Despite staunch allies sustaining many fronts on the legal battlefield, Schmeiser still needs help in meeting his own expenses. Remember that a win for Percy Schmeiser is a win for all of us! Paypal payments may be made via his website (http://www.percyschmeiser.com/) or checks and money orders may be mailed to “Fight Genetically Altered Food Fund Inc.,” Box 3743, Humboldt SK Canada SOK 2AO. These donations are not tax deductible.
1. “Canola case tests GMO patent,” by Kristen Philipkoski, Wired, 12/02/03, reposted by CropChoice News at http://www.cropchoice.com/leadstry.asp?recid=2257.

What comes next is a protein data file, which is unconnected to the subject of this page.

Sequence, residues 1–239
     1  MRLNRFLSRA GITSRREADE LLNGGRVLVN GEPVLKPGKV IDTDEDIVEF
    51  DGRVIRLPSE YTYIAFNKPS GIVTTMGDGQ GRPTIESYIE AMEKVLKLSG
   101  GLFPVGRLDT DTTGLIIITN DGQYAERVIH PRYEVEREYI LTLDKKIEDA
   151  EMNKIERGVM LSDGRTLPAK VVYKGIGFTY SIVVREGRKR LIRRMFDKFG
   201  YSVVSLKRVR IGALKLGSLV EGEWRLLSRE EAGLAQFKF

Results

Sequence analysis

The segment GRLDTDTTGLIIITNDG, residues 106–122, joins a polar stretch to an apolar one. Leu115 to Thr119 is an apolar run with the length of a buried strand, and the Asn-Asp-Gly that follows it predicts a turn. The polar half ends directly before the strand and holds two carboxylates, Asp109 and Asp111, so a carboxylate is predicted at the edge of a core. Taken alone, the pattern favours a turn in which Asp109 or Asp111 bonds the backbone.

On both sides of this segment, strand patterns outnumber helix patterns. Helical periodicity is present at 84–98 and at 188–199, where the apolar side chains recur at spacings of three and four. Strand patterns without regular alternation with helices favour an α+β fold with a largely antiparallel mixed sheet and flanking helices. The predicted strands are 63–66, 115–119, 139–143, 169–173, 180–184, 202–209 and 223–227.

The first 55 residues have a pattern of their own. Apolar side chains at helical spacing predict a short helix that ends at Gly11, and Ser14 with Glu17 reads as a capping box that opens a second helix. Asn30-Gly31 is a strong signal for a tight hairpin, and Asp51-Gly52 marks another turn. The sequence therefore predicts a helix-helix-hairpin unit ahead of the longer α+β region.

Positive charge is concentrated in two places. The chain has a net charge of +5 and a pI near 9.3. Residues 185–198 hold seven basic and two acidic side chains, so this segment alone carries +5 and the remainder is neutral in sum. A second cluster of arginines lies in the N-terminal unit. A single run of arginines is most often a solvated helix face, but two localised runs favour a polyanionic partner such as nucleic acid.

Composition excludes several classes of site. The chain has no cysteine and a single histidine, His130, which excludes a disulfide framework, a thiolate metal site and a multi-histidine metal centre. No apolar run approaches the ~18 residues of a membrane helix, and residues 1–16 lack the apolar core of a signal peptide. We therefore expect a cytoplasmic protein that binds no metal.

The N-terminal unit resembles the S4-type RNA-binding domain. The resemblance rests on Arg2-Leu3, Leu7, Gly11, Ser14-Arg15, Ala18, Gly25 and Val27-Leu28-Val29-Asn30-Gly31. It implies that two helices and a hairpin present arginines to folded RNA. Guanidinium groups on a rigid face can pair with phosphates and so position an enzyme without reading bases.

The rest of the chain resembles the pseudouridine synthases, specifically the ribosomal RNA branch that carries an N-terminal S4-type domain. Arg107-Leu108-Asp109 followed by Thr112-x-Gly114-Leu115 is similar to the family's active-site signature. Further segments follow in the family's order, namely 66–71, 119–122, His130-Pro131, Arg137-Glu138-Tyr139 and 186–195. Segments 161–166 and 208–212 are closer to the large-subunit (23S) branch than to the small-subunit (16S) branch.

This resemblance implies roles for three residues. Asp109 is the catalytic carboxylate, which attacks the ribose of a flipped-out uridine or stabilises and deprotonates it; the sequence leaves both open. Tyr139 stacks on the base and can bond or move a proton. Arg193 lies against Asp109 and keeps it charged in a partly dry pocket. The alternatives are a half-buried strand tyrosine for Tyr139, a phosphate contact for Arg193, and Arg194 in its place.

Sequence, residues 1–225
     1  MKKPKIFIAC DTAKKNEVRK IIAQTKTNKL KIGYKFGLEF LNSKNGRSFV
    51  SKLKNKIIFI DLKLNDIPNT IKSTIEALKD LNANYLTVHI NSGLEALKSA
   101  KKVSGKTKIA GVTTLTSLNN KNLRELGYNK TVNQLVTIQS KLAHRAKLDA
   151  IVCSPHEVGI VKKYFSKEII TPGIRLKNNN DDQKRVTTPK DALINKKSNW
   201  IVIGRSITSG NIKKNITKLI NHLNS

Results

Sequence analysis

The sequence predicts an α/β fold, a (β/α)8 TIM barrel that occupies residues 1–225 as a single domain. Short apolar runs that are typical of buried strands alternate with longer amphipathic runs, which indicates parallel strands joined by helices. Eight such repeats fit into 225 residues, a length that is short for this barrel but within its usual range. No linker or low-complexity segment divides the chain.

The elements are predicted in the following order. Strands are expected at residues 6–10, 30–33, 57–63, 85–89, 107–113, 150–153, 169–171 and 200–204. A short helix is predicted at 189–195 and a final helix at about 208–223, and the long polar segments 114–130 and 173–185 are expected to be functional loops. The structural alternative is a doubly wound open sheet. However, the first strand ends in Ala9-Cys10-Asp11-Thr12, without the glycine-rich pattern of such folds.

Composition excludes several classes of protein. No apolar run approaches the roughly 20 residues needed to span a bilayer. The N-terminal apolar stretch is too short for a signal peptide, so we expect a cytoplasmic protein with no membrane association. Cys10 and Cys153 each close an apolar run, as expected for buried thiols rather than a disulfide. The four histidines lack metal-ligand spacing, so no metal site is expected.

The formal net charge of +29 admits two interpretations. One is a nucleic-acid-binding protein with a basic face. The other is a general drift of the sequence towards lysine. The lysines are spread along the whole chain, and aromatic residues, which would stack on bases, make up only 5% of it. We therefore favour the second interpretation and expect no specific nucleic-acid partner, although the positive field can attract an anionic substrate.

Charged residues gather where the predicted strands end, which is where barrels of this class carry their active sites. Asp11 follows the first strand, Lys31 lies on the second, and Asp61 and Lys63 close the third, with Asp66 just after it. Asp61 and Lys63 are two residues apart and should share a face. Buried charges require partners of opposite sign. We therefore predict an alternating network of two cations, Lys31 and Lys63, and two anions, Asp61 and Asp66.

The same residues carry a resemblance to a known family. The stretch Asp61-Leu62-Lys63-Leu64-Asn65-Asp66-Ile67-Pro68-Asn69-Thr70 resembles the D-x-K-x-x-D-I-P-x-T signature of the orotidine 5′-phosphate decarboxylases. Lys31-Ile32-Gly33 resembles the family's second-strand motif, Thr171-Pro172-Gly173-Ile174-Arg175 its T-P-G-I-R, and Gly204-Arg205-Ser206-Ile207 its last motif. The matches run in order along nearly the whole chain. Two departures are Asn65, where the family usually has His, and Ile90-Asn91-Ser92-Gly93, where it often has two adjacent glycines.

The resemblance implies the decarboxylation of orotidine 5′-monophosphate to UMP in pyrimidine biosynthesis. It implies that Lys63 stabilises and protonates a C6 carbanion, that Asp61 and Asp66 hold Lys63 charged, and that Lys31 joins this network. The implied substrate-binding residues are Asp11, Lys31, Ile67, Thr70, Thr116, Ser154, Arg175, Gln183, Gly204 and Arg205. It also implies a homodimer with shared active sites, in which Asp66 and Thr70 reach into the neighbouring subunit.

2. “NGO’s seek standing in Monsanto v. Schmeiser,” Canada NewsWire press release by Council of Canadians, 10/1/2003, reposted by Percy Schmeiser at http://www.percyschmeiser.com/NGO.htm.
3. “Ontario government intervenes in high-profile gene-patenting case,” by Dennis Bueckert, Canadian Press, 10/7/2003, reposted by Percy Schmeiser at http://www.percyschmeiser.com/Ontario.htm.
Legal documentation including countersuits filed by Schmeiser may be found with a search of the Federal Court of Canada’s website (http://decisions.fct-cf.gc.ca).
[5 apr 04]